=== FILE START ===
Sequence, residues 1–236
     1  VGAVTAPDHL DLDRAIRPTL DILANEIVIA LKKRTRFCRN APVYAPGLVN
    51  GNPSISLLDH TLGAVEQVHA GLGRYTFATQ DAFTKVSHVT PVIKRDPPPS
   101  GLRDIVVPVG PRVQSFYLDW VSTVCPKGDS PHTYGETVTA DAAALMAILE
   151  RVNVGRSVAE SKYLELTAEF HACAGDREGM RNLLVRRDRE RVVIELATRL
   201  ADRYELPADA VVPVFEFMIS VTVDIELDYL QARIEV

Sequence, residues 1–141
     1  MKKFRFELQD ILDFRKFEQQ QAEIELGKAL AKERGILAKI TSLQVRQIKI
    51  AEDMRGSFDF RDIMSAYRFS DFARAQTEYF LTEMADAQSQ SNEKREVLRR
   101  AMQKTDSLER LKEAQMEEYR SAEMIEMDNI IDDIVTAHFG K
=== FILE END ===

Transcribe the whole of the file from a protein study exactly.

Sequence, residues 1–236
     1  VGAVTAPDHL DLDRAIRPTL DILANEIVIA LKKRTRFCRN APVYAPGLVN
    51  GNPSISLLDH TLGAVEQVHA GLGRYTFATQ DAFTKVSHVT PVIKRDPPPS
   101  GLRDIVVPVG PRVQSFYLDW VSTVCPKGDS PHTYGETVTA DAAALMAILE
   151  RVNVGRSVAE SKYLELTAEF HACAGDREGM RNLLVRRDRE RVVIELATRL
   201  ADRYELPADA VVPVFEFMIS VTVDIELDYL QARIEV

Sequence, residues 1–141
     1  MKKFRFELQD ILDFRKFEQQ QAEIELGKAL AKERGILAKI TSLQVRQIKI
    51  AEDMRGSFDF RDIMSAYRFS DFARAQTEYF LTEMADAQSQ SNEKREVLRR
   101  AMQKTDSLER LKEAQMEEYR SAEMIEMDNI IDDIVTAHFG K